Here’s my email to the Elders and Deacons of Crestview on 10/22/13:
Today, we’re reviewing chapter 13 in Dangerous Calling on “The Danger of Arrival”. (Paul) Tripp is pressing hard on us and how we go after preparing for our ministry responsibilities at the expense of private, personal worship. He writes: “The lack of a meditative, Christ-centered devotional life in many pastors is not just the result of the seemingly unending demands of ministry; it is also the product of arrival. I am convinced that when busyness intersects with arrival, one of the first things that goes is private worship. Perhaps it is a combination of fear and gratitude that drives us to our knees and into communion with Christ each morning. It is when we face who we are and the fickleness of our hearts that we feel the need to have our hearts recaptured morning after morning. It is when we reflect on the fact that sin is not always a horror to us but sometimes appears positively attractive that we want to run into the protective arms of our Lord again and again. It is when we consider the dangerous temptation of this fallen world that we will want to get help for the battle day after day. It is fear of our own weaknesses that drives us to the Savior for strength. It is when we fear the power of the foolishness that still remains in us that we are propelled to daily seek the wisdom that can only be found in the pages of Scripture. A humble and holy fear is a major part of what propels a consistent life of daily personal worship.”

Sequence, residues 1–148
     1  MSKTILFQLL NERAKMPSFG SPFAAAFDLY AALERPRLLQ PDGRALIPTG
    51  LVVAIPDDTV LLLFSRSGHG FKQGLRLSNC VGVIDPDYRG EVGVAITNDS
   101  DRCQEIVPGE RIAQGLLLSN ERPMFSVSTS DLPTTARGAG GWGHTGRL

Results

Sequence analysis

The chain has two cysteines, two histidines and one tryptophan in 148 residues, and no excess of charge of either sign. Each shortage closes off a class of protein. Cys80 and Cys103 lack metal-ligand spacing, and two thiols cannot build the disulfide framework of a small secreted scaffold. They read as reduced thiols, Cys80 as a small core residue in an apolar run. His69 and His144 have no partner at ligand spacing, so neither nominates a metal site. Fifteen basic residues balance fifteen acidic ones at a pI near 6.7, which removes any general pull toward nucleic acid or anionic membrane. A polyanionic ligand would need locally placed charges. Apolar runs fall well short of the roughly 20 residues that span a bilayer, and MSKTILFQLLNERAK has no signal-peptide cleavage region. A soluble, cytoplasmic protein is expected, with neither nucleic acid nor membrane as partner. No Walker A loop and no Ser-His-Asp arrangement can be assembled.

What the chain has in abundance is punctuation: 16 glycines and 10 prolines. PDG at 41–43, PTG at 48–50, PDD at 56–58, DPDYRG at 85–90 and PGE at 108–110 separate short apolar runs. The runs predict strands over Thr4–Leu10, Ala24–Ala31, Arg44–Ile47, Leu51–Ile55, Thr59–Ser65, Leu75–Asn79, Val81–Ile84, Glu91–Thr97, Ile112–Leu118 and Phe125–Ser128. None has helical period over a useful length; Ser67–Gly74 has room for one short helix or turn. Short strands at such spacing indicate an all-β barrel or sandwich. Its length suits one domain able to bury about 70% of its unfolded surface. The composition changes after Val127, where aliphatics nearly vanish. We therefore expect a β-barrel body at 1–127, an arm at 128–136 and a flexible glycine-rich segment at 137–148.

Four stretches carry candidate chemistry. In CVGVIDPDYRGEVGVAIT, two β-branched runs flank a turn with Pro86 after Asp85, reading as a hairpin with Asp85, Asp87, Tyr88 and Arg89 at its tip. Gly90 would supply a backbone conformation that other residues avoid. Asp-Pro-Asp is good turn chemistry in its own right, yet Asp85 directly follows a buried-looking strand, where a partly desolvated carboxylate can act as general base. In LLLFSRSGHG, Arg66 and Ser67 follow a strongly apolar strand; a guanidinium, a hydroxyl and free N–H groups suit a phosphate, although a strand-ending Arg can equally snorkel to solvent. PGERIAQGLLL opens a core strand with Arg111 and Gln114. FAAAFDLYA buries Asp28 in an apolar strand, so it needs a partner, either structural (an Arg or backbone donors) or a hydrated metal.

I think this nicely relates to our Sunday evening study on Seasons. Crawford Lorritts said that men consistently need to be learners, growing more and more, but they also need to be repenting, looking more like Christ consistently. I hope this resonates in you today and you run after God, because you will find Him when you seek Him with your whole heart.